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Blog Birding #342

Need more evidence that a native plant garden is a good investment for birds? Yushi Oguchi, writing at The AOU-COS Pubs Blog, summarizes his recent paper that explains exactly how.

We investigated whether the health status of fall frugivorous Swainson’s Thrushes and the Gray Catbirds differed depending on their use of shrublands dominated by exotic versus native plants. In the process, we came to appreciate the value of one native fruit, northern spicebush (Lindera benzoin), a fruit we couldn’t even identify at first. Our story represents a unique insight that ecophysiology can bring to conservation science and habitat management.

Can eBird be used to calculate the economic value of bird diversity to birders? Jason Crotty digs into the question at 10,000 Birds.

But the value that birders (and others) place on the environment or biodiversity is important.  The true value of a forest is more than just the dollar value of its timber.  There are also non-consumptive uses to consider, such as hiking, photography, or birding.  Although the value of timber can be readily calculated, the value of the non-consumptive uses (such as birding) is more challenging because there are no markets to provide an observable price.

Can birdwatching be used to artistically explore the relationship between an aging father and his adult daughter? A play in Boulder makes a strong case, as reported at Birdwatching Daily.

“Birds of North America,” which is being produced at the Boulder Ensemble Theatre Company, located just north of the University of Colorado campus, is a family drama with overtones about birds and climate change. The play’s story occurs over the course of a decade and shows the father and daughter, played by Lindsey Pierce and Chris Kendall, birding in their backyard while struggling to understand each other. “Their politics and personal views couldn’t be more different, but family bonds compel their annual migration,” according to a description of the play. “This gorgeously written family drama, full of humor and insight, explores how we connect with the people we just can’t fly away from.”

It’s sparrow season continent-wide, and Don and Lilian Stokes share some secrets to making your yard or garden attractive to these appealing winter birds.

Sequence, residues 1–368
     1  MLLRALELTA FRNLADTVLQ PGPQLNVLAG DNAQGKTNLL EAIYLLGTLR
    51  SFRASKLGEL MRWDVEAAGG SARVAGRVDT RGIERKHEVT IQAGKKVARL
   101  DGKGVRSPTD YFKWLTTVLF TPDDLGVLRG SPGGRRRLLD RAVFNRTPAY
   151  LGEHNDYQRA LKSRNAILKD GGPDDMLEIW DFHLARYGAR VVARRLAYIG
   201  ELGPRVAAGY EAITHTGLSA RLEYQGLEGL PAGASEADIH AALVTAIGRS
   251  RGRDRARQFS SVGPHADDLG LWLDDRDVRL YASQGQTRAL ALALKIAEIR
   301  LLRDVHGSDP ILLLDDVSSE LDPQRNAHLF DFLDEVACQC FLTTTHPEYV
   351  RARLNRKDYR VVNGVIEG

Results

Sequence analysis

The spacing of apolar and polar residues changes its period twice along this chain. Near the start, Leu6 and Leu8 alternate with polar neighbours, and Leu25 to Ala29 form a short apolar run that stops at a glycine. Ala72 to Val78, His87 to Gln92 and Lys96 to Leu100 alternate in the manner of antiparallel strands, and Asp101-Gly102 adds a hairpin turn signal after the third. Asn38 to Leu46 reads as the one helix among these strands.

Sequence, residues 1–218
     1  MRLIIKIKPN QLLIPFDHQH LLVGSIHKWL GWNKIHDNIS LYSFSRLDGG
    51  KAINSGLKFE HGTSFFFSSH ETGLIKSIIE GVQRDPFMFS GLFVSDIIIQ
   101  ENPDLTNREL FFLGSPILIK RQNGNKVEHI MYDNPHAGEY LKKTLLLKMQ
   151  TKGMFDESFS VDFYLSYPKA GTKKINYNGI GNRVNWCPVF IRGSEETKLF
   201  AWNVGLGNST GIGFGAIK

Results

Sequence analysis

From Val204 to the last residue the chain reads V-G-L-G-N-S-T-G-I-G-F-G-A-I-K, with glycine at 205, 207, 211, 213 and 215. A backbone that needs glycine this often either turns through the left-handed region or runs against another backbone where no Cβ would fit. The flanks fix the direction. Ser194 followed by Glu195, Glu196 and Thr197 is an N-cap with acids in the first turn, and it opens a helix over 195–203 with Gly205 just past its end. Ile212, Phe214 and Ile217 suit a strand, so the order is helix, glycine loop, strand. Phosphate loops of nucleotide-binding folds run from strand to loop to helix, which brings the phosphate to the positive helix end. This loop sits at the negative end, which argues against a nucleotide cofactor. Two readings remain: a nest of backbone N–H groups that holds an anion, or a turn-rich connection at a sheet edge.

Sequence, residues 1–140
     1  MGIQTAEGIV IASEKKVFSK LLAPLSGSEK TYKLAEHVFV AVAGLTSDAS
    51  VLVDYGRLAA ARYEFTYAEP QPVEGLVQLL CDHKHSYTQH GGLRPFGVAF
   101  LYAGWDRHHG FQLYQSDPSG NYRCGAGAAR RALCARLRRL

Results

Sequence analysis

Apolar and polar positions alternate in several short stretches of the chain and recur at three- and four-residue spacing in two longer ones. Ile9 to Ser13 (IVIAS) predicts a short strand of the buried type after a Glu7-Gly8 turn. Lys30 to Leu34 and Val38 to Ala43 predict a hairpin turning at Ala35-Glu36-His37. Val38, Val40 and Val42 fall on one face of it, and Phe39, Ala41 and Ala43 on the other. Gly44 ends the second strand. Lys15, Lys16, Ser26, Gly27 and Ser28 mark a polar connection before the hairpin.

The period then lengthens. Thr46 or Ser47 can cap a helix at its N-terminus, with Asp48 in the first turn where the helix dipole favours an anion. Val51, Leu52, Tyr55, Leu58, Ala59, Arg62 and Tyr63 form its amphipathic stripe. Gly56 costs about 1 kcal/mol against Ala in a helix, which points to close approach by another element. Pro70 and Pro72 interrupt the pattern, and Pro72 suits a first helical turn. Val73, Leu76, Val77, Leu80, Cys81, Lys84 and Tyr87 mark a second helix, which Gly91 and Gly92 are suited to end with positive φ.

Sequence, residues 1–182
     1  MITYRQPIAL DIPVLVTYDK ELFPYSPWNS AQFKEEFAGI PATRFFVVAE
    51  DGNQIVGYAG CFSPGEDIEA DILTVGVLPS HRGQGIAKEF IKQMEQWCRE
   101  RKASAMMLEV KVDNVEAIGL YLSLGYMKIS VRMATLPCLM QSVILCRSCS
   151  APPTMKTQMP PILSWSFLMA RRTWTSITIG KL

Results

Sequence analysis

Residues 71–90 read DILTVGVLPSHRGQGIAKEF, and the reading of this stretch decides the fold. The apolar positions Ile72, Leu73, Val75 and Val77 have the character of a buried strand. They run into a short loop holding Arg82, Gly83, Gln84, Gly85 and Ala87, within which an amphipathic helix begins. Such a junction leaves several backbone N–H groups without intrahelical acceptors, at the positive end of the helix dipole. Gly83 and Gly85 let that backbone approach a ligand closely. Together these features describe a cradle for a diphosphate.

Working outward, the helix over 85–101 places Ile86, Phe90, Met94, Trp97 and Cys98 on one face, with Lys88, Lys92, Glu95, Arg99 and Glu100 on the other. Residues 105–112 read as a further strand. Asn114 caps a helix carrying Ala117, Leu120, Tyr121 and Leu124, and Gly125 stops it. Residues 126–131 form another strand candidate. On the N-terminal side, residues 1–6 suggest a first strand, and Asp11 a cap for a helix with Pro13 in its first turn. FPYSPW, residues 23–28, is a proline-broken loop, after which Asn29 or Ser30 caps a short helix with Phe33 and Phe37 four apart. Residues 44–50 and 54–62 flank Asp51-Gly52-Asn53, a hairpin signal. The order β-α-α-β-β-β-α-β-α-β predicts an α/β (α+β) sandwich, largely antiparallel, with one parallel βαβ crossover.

Sparrows are migrating big time. White-throated Sparrows are coming to bird feeders across much of the country now. Somewhat less common here in NH, White-crowned Sparrows are also migrating and coming to feeders. Both these species winter across much of the country and you may have them at your bird feeders all winter. We recently had first-winter White-crowned Sparrows at our feeder amongst the many, many White-throated Sparrows.

The story of the chase is one that many birders know all too well. Arie Gilbert, writing at A Power Birder’s Blog, shares his story of chasing the New jersey greenshank.

The phone began to ring, and the texts tweeted at me about this bird found Monday. For some reason, folks presumed I would be going to look for this bird the following day. Am I that predictable? Well, …yes.

This is a code three bird; fairly regularly though rare in Alaska, but otherwise relatively unheard of here on the east coast. And Noo Joisey is much closer than Alaska.


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Nate Swick

Nate Swick

Editor, Social Media Manager at American Birding Association
Nate Swick is the editor of the American Birding Association Blog, social media manager for the ABA, and the host of the American Birding Podcast. He lives in Greensboro, North Carolina, with his wife, Danielle, and two young children. He is the author of Birding for the Curious and The ABA Field Guide to Birds of the Carolinas.
Nate Swick

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